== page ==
Further Opening-up of the Cultural Sector

By staff reporter JIAO FENG

AT the Third Plenary Session of the 18th CPC Central Committee, held last November, the Party proposed to establish a sound modern market system of cultural industry and to develop a modern public cultural service network, in efforts to promote opening-up of the cultural sector. Professionals working in the industry have expressed positive views.

Breaking Barriers

After years of development, China’s cultural industry has expanded considerably. However, many businesses in the circle are still vulnerable to market risks, due to narrow business scope and low market concentration. This predicament calls on industry leaders to hasten the steps of convergence, merger and reorganization between companies in different areas and realms, and also between those under different types of ownership.

According to Wang Changtian, president of Enlight Media, the CPC has set a new tone for the cultural industry. Now that the main direction has been affirmed, the industry expects more detailed support policies. “What most directly affects the cultural industry is undoubtedly the attitude of the government – which realms should be under government control, and how to manage them. Our feeling is that the government is gradually loosening its grip on the industry. We are looking forward to a more just and transparent market and legal system that will encourage growth of cultural businesses,” Wang said.

The Party’s pledge to deepen reforms to the cultural system and improve the management of the cultural sector is generally expected to entail cultural reform measures. New policies are anticipated to increase the momentum of reform of state-owned cultural enterprises, promote mergers and reorganization of cultural businesses, and relax control over market entry for private capital. Industry convergence in the press and publishing, film, radio and television sectors in particular will see steady advances in the coming months and years.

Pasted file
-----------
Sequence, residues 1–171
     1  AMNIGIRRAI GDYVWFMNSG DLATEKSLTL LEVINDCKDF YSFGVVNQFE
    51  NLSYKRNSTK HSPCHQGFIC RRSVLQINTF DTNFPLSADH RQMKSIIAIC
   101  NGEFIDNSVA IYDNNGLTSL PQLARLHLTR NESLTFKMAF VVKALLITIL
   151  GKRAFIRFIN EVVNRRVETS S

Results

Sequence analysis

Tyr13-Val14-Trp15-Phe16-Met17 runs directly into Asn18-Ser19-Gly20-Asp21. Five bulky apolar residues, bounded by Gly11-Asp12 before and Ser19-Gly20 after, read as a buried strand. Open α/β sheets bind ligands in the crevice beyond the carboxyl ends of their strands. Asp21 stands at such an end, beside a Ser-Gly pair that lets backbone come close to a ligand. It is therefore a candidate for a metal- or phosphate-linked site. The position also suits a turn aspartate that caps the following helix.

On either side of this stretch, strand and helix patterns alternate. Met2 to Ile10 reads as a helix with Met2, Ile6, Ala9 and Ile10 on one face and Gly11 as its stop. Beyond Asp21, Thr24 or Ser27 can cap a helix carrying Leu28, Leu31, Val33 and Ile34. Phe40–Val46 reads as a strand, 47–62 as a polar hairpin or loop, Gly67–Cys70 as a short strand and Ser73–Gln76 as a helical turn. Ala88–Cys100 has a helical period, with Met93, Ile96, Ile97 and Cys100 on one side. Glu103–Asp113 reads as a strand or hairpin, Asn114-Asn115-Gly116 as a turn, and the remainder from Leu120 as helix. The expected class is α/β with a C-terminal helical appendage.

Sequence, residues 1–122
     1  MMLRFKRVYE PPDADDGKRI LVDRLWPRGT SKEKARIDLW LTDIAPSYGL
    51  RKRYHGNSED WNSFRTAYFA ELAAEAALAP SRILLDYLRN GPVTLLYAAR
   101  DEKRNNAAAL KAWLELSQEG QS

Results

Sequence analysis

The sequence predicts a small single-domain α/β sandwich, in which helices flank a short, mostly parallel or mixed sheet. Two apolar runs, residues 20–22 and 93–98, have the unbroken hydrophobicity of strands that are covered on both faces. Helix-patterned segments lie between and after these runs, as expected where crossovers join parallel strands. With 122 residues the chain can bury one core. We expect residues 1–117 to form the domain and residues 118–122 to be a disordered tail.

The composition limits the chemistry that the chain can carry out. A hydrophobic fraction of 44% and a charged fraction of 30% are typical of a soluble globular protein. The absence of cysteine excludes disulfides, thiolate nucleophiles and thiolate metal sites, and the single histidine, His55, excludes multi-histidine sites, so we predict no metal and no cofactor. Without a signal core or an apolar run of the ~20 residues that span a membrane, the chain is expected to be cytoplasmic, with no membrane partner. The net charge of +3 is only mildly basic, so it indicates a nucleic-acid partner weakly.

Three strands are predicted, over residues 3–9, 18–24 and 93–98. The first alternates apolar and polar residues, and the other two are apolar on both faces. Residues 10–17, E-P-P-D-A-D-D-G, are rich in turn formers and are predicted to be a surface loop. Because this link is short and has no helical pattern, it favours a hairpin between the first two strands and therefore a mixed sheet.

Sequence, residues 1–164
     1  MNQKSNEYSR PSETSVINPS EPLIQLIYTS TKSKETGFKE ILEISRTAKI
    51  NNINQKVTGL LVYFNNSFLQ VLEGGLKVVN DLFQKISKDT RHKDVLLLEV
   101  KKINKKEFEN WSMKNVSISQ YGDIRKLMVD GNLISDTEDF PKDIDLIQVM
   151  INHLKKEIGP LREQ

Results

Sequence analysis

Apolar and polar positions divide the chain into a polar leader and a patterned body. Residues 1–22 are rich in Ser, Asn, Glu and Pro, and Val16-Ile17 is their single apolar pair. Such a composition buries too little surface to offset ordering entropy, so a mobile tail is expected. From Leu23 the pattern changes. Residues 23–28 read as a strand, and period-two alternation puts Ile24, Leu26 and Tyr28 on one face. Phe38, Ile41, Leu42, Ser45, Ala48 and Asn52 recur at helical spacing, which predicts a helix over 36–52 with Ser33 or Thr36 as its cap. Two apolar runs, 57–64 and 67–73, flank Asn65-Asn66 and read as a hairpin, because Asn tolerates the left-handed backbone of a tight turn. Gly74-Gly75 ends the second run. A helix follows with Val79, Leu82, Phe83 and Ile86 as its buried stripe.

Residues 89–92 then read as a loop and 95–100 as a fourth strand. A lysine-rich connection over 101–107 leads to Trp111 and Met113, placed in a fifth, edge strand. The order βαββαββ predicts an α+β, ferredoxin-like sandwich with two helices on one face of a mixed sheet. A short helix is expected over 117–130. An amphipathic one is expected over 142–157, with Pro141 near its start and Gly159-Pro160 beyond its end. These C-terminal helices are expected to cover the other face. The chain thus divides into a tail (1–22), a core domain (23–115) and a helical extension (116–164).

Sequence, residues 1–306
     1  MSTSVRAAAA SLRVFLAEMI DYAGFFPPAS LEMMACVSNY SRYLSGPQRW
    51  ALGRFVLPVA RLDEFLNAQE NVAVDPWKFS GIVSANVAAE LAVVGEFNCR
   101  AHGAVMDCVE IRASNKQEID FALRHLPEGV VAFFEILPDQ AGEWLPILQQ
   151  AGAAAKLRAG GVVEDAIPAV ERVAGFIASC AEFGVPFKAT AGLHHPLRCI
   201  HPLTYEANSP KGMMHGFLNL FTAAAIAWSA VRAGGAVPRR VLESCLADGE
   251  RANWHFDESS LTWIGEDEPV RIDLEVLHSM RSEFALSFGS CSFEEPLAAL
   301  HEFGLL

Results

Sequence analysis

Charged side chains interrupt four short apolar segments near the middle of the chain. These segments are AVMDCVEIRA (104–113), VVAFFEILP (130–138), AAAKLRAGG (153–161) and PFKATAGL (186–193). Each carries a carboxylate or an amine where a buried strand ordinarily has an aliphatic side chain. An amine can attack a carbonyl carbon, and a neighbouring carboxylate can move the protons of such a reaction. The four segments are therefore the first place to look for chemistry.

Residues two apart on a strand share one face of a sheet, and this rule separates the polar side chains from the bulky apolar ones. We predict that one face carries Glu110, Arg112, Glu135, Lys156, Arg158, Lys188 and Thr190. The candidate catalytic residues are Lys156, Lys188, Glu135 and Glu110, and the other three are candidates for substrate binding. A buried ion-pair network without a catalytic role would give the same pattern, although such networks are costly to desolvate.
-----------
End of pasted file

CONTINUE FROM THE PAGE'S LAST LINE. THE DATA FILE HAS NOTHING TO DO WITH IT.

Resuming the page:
Wang pointed out that since CCTV (China Central Television) broadened its platform in recent years, private cultural companies have had more room for development. Through open bidding, many privately-owned TV production companies, including Enlight Media, have scooped a number of CCTV prime-time slots in 2014. “Enlight Media is the biggest private production company to form a partnership with CCTV. As the state loosens its control, we will broadcast more programs on CCTV in the coming year, and hope to gain more income and revenue through heavy investment in our programs,” Wang said.

To deepen reform of its cultural system and promote opening-up of the cultural sector, China needs to improve its incentive schemes by encouraging domestic cultural enterprises and public institutions and supporting their participation in international competition, so promoting exchanges and cooperation. Ministry of Culture statistics show that China now conducts cultural exchanges with more than 160 countries and regions. The country has also signed inter-governmental cultural cooperation agreements, and plans cultural exchanges with 145 countries. Bolstered by this interaction, an array of well-known Chinese cultural brands has become globally recognized.

Market Power

A large number of mergers and reorganizations took place in China’s cultural industry in 2013 as a result of the sector’s swift development. According to National Bureau of Statistics data released last August, the added value of China’s cultural industry last year surpassed RMB 1.8 trillion, accounting for 3.48 percent of the country’s GDP.

In the first three quarters of this year, gross private investment in fixed culture, sport and entertainment assets reached RMB 201.8 billion – a 39.4 percent year-on-year growth, and 16 percent higher than that of fixed asset investment by private capital across all industries. In the same period, China’s cinemas raked in RMB 16.425 billion in box office receipts, including RMB 9.56 billion from domestic films. Ticket sales for domestic films account for 58.2 percent of total box office revenue, a year-on-year increase of 93.8 percent. The value of the mobile gaming market exceeded RMB 5 billion in the first half of 2013 – an increase of 135.3 percent over that of the previous six months.

“By improving production and management and developing a modern culture market, the government has resolved property right relations, acknowledged market rules, and underlined the importance of complete industry chain. In contrast to its previous preoccupation with monitoring public opinion, the state has made major progress,” president of Times Publishing Wang Yafei said.

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